X could have been a bit of a tricky letter for a post.
Like how I solved that problem?
Ok. So, exaggeration. What does that have to do with writing humor? Why it has absolutely everything to do with it (and, yes, that was an exaggeration....or was it?)
But, really, exaggeration is like a turbo-charged, heavy duty, shiny, fully automated hammer in a writer's toolbox.
|Wow. Now THAT'S a hammer.|
Now it's only right to include quotes from The Best Exaggerator of our Time, Dave Barry.
"If your hostess subscribes to Martha Stewart Living, the guest bed may be so massively fortified with decorative objects that it can be deconstructed for sleeping use only by a licensed interior designer."
"It's time for my annual tax-advice column, which always draws an enthusiastic response from grateful readers.
"Dear Dave, " goes a typical letter. "Last year, following your advice, I was able to receive a large tax refund simply by claiming a $43,000 business deduction for 'paste.' I am currently chained to a wall in federal prison, but they tell me that, with good behavior, in 25 years they'll remove the skull screws. Thanks a lot!"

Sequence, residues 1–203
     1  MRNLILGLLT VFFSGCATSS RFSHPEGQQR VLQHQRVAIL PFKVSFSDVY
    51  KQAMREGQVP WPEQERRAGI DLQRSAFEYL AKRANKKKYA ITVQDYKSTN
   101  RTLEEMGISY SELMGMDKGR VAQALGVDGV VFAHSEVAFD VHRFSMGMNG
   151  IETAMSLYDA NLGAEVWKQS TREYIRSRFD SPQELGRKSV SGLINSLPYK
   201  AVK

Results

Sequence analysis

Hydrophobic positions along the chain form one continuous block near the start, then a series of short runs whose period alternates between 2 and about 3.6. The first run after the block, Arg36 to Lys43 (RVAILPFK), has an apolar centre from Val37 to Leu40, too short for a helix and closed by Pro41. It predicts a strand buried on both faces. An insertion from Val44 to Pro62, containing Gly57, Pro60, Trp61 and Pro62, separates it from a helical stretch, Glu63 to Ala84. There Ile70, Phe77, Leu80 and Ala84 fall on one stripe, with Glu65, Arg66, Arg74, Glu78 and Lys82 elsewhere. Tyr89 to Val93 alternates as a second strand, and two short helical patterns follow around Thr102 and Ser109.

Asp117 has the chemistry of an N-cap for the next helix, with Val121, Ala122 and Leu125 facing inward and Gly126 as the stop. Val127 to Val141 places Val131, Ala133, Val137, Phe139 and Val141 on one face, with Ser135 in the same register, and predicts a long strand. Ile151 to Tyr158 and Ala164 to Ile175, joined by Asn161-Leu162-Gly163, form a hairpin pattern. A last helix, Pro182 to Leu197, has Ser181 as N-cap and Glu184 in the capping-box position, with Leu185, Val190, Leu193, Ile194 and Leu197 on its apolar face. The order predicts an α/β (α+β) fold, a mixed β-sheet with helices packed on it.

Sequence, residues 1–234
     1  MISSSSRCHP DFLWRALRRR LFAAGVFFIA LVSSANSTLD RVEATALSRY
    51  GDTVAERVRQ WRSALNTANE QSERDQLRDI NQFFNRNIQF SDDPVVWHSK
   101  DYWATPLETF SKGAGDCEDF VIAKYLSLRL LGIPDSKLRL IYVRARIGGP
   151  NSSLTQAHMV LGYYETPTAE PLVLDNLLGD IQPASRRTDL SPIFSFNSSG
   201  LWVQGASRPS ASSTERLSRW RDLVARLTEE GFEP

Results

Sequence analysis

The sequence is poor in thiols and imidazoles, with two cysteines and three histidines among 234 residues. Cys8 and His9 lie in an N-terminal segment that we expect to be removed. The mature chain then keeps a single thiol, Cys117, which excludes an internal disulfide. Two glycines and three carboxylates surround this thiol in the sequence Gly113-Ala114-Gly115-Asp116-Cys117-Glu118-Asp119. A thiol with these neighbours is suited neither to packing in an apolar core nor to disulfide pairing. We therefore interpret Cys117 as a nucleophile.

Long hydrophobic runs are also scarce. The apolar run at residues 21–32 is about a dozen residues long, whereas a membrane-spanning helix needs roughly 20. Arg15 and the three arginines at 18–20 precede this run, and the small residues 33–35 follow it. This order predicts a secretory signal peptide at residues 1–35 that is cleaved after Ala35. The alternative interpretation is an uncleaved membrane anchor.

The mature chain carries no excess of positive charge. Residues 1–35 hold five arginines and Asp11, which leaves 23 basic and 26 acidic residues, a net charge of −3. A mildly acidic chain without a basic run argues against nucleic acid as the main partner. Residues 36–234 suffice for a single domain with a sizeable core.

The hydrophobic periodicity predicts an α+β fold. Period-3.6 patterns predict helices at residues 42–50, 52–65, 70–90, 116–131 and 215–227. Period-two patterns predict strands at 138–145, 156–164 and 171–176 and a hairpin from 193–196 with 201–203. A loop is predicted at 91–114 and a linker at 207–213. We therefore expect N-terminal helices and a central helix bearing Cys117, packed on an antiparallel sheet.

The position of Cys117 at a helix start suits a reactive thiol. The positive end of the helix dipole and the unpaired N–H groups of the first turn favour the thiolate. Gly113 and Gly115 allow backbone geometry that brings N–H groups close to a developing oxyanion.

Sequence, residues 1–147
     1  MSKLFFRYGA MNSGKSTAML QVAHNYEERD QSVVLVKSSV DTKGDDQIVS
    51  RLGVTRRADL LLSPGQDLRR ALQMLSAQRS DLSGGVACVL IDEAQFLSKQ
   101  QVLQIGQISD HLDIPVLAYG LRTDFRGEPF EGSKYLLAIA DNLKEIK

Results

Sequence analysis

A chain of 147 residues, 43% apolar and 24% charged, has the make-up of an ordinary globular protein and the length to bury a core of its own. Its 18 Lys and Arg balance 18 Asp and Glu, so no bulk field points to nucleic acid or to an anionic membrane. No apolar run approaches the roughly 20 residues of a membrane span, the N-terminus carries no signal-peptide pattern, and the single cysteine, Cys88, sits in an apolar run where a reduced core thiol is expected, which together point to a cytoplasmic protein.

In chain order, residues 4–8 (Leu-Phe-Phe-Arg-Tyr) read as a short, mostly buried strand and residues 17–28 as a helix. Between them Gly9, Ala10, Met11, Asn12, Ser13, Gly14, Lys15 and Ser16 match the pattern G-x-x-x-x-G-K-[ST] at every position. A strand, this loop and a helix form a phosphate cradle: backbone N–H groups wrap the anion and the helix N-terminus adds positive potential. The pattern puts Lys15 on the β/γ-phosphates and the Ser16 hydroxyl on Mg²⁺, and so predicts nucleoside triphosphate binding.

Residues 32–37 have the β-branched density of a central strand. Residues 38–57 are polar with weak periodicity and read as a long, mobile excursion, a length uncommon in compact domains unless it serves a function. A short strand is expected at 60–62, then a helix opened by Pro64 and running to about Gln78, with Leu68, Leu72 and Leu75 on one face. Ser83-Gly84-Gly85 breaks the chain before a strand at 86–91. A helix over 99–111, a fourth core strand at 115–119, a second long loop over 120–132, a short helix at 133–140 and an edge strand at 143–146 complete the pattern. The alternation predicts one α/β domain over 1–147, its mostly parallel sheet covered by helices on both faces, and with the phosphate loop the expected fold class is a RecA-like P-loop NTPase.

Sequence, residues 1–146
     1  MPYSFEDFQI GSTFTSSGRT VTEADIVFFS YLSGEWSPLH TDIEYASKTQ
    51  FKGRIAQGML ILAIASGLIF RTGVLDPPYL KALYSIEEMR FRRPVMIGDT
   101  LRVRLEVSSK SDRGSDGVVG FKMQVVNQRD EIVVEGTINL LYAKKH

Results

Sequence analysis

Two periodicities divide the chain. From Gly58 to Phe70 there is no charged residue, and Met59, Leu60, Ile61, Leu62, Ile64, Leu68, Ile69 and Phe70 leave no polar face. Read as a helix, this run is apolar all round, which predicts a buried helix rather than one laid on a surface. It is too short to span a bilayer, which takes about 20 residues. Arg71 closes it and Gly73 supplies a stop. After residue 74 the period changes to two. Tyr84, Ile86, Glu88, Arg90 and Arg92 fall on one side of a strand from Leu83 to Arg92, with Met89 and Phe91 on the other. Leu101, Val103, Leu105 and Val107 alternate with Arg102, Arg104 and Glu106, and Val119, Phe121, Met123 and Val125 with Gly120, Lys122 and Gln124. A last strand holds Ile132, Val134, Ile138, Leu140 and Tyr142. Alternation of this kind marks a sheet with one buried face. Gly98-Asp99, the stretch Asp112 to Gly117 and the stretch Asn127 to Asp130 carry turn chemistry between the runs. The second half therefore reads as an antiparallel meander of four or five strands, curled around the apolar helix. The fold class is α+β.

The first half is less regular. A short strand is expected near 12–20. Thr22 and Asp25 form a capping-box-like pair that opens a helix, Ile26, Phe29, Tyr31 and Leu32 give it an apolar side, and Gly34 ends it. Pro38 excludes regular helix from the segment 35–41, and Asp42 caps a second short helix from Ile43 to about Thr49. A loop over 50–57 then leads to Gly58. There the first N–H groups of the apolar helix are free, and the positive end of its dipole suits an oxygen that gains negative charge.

"I also don't know why a woman would be ticked off if you gave her a 56-piece socket-wrench set with a 72-tooth reversible ratchet, but thrilled if you give her a tiny, very expensive vial of liquid with a name like ''L'essence de Nooquie Eau de Parfum de Cologne de Toilette de Bidet,'' which, to the naked male nostril, does not smell any better than a stick of Juicy Fruit."
"Many bat species are endangered because of humans, some of whom view bats as actual food. A researcher named Tom Kunz told me that in parts of Southeast Asia, bat soup and fried bat are considered tasty treats. In Guam, people have eaten pretty much all the bats. There's a bat shortage! You could become a bat rancher and get rich! Although you would need skilled bat wranglers."
:(speaking about Halloween) It has been commercialized to the point where our young people think it's just ''fun and games.'' They know nothing about the somber origin of this holiday, which dates back to 1621, when the Pilgrims, having survived a difficult first winter in America, decided to express their thanks by dressing up in comical outfits with knickers and hats shaped like traffic cones and then went around playing pranks with what turned out -- tragically -- to be their last remaining roll of toilet paper, and thus as you can imagine their second winter was no picnic either."
Do you use exaggeration when writing humor? Or just when you're talking about how many dished you washed or papers you filed at work when you've been surfing the internet for turbo-charged, heavy duty, shiny, fully automated hammers instead?